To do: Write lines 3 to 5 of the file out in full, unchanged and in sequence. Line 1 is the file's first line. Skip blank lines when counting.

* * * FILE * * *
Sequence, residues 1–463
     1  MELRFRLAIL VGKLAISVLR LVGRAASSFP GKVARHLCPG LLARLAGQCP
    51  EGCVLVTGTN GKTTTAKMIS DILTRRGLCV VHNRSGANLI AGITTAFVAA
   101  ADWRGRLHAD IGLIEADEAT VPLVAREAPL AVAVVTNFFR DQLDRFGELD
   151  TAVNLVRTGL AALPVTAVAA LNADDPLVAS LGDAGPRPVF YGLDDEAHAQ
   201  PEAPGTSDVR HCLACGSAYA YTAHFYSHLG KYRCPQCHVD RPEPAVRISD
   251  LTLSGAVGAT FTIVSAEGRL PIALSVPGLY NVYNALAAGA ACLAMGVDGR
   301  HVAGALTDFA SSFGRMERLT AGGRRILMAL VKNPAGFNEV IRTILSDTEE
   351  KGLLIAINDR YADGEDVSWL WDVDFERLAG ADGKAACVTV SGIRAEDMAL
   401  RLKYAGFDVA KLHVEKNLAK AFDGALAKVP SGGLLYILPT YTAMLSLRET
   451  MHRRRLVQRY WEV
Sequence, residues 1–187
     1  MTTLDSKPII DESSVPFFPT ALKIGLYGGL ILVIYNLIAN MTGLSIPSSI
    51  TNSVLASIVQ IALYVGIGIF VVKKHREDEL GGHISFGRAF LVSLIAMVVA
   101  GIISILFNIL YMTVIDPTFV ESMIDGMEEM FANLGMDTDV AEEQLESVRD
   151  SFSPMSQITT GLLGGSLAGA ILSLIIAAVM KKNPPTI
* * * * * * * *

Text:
    51  EGCVLVTGTN GKTTTAKMIS DILTRRGLCV VHNRSGANLI AGITTAFVAA
   101  ADWRGRLHAD IGLIEADEAT VPLVAREAPL AVAVVTNFFR DQLDRFGELD
   151  TAVNLVRTGL AALPVTAVAA LNADDPLVAS LGDAGPRPVF YGLDDEAHAQ